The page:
No matter how much you evoke your inner Hulk-smash in the gym, there is no way around it, those abs are primarily the result of the work you put in at the dining room table—and no, not the dining table at Chick-Fil-A®, the one in your own home. If you are like most of us, airports and hotels are just part of “adulting”. Whether it’s another business trip or taking the kids to cast their first “expecto patronum” at the Wizarding World of Harry Potter™, traveling is something you’re probably going to have to learn to enjoy, or at least deal with. And, if your health is a major priority, this dealing is going to take some planning.
Some of you may want to close your eyes, I’m gonna say it: restaurants are the world’s most lethal health and fitness goal assassins. How much time you spend bowing at the throne of the Burger King® or cashing in your tokens at Subway® is one of the greatest determinants of your overall well-being. The breadth of research is pretty overwhelming. Countless studies have directly associated how much one eats away from home with weight gain, insulin resistance, and comorbidities. Even with the best intentions, research has shown that you are far more likely to underestimate how much you are eating when doing so in a restaurant than at home. Most interesting of all, the environment and health of the wait staff actually can influence what and how much you are likely to consume while under the bright lights of a restaurant’s chandelier.
There’s no two ways about it: one of the most critical aspects of staying on track while traveling is setting clear and simple rules that focus around minimizing the nearly-unavoidable restaurant destruction.
- Pack food.
It’s a lot easier to navigate the airport gauntlet of Cinnabon® kiosks when you have a bag of almonds in your pocket. Last time I checked, there was nothing in the traveling rule book that said that you couldn’t bring your own food. If you have room in your carry-on, pack plastic bags filled with protein powder, some nuts, and maybe some non-perishable fruit; at worst, it will get you through the airport and give you a reason to pause when the stewardess comes around with her cart of calorie-dense goodies.
- Be prepared.
Spend a few minutes and do your homework. Get a good view of the lay of the land, where the closest grocery store is, if there are restaurants nearby that may offer some healthier selections, if there is a nice trail or park nearby so you could sneak in a workout if you get some downtime. If you go in clueless, you are bound to find yourself standing in line as soon as your get a wiff of the aroma emanating from the Korean fusion taco truck parked outside your hotel.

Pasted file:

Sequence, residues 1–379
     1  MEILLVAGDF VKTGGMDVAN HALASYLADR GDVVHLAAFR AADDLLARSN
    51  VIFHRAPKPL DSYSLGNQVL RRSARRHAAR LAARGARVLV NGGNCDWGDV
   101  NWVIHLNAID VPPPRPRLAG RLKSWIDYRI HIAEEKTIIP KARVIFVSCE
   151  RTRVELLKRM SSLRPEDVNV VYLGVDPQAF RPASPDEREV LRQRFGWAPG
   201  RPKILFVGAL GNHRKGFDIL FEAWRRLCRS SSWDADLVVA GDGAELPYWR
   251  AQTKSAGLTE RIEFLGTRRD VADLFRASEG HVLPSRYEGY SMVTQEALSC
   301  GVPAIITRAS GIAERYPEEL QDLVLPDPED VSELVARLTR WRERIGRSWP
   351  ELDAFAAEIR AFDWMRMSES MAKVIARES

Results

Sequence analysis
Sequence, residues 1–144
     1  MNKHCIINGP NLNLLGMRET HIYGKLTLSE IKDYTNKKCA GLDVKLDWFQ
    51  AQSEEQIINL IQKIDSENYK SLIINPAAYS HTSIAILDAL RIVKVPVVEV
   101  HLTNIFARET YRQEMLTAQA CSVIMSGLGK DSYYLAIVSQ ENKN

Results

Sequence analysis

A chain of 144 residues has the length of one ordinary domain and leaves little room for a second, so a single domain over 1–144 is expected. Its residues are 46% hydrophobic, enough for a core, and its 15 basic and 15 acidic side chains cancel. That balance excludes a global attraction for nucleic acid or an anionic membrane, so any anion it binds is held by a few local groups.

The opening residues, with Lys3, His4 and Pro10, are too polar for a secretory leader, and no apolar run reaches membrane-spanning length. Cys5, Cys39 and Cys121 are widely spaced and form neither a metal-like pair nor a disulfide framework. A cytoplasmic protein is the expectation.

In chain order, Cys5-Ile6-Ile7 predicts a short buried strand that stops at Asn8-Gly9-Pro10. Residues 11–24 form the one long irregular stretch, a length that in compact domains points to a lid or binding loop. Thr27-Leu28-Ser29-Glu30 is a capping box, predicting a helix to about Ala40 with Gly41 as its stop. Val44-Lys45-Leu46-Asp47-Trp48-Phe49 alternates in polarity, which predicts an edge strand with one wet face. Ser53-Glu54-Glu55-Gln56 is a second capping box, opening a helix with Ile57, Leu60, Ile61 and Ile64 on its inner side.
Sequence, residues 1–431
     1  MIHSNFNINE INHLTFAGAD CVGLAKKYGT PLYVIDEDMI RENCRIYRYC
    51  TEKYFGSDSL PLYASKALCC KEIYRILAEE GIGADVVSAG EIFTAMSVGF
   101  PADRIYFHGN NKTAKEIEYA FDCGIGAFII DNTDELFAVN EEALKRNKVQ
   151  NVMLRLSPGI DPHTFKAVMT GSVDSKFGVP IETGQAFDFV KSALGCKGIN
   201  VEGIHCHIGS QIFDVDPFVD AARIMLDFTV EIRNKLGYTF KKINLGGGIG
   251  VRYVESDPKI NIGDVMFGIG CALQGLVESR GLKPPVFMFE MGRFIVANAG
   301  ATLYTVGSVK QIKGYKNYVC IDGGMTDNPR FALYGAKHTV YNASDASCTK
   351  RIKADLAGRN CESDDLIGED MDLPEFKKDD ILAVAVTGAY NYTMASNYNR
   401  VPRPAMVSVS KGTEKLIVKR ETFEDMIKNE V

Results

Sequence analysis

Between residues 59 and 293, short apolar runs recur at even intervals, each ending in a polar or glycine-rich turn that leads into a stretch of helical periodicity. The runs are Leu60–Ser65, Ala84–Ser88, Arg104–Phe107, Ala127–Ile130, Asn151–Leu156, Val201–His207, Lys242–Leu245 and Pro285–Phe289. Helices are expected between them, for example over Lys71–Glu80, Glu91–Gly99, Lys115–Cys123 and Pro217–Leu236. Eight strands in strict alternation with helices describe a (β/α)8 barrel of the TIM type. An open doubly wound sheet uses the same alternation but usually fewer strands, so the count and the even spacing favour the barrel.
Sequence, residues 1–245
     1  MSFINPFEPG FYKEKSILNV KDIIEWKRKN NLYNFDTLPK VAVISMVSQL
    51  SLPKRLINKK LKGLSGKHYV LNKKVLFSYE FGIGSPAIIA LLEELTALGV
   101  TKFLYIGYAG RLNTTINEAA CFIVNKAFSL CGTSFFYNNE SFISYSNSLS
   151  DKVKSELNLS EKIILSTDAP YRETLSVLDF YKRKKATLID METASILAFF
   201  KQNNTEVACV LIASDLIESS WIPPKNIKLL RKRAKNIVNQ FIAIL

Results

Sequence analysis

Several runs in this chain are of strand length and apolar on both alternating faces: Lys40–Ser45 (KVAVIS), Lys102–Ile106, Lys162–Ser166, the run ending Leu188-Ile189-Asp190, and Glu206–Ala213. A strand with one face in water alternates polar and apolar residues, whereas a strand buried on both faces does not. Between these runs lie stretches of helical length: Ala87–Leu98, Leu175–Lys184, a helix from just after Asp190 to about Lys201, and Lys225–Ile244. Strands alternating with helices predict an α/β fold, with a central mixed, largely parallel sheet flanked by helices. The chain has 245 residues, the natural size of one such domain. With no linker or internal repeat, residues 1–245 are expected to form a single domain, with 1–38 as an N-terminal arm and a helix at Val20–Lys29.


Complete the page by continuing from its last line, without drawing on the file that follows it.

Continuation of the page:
- Request a mini fridge in your room, and ask that it not be stocked.
Yep, hotels will absolutely do this (I’ve confirmed this several times). As soon as you check in, hit up the nearest market. The concierge may be able to tell you where to get the best pizza within walking distance, but more than likely they can also tell you where to get the freshest produce. Stocking up on some healthy snacks will save you a lot of time, money, and will minimize the restaurant diet destruction.
- Forget about the menu.
Regardless of what’s on the menu, most restaurants will prepare whatever you want, within reason. It is next to impossible to know exactly what goes into prepared restaurant food. As the research suggests, some of us regularly underestimate meals we eat at restaurants by over 500 calories. Even when the restaurant posts nutrition labels in the menu, studies show that you aren’t likely to care and will go straight towards the chili cheese fries anyway. Instead of asking about the day’s special, you aren’t going to offend your server if you inquire if the chef can prepare grilled salmon and steamed vegetables. The worst they can say is no, and based upon my experience, that is highly unlikely.
- Skip the free continental breakfast.
It may not be for everyone, but if the plans for the day include a business lunch at the nearby steakhouse and you plan to end the day by visiting the local ice cream parlor that Yelp® suggests is a “must try”, it may be a perfect time to give intermittent fasting a try. The possible benefits are very well researched, and even if you find regularly abstaining from food through mid-day isn’t for you, at least you saved a few hundred extra calories. While everyone else is trying to decide what toppings to put on their complimentary waffles, go for a sight-seeing jog or get in a quick workout in your hotel room and save the post-workout refueling until lunch.
Dr. Damian Rodriguez is the health and exercise scientist for doTERRA International, LLC. He holds a doctorate in health science, a master’s degree in exercise physiology, and countless professional certifications. He has spent most of his life researching nutrition, exercise, and the lifestyle behaviors associated with optimal health. Along with his passion for health, as someone who lives with Asperger’s Syndrome, he is also involved in bringing awareness to autism spectrum disorders. There are varying opinions about many health and fitness topics. His opinions are his own and not necessarily that of doTERRA International, LLC. Consult your healthcare provider before making any changes to diet and exercise.